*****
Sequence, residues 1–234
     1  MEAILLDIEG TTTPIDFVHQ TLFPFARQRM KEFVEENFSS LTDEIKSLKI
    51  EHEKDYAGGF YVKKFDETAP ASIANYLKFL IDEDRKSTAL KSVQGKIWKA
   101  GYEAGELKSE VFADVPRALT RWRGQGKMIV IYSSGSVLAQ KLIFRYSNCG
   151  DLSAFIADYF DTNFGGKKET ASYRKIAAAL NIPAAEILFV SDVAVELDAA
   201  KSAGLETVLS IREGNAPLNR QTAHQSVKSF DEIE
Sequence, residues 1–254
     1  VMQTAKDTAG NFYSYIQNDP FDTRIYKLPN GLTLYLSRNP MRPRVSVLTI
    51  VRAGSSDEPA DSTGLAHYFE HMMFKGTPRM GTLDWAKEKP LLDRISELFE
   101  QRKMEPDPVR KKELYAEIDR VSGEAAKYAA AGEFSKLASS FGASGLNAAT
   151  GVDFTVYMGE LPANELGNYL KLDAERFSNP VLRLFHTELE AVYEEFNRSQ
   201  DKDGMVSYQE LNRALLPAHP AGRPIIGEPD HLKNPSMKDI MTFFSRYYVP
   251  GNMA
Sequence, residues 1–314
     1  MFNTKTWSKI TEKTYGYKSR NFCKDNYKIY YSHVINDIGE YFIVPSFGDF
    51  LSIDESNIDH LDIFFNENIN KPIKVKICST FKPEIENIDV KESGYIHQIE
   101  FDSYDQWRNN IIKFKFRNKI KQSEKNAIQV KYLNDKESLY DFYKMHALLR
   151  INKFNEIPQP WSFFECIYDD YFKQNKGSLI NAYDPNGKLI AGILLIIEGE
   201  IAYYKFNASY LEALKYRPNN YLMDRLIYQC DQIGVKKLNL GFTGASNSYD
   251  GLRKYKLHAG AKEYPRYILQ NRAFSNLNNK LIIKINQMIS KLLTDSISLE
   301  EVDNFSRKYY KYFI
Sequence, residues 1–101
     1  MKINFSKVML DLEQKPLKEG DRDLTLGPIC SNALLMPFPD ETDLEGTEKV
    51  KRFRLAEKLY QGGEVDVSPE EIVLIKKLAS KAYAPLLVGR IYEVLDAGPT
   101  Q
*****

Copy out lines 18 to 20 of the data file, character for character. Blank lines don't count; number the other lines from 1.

   151  INKFNEIPQP WSFFECIYDD YFKQNKGSLI NAYDPNGKLI AGILLIIEGE
   201  IAYYKFNASY LEALKYRPNN YLMDRLIYQC DQIGVKKLNL GFTGASNSYD
   251  GLRKYKLHAG AKEYPRYILQ NRAFSNLNNK LIIKINQMIS KLLTDSISLE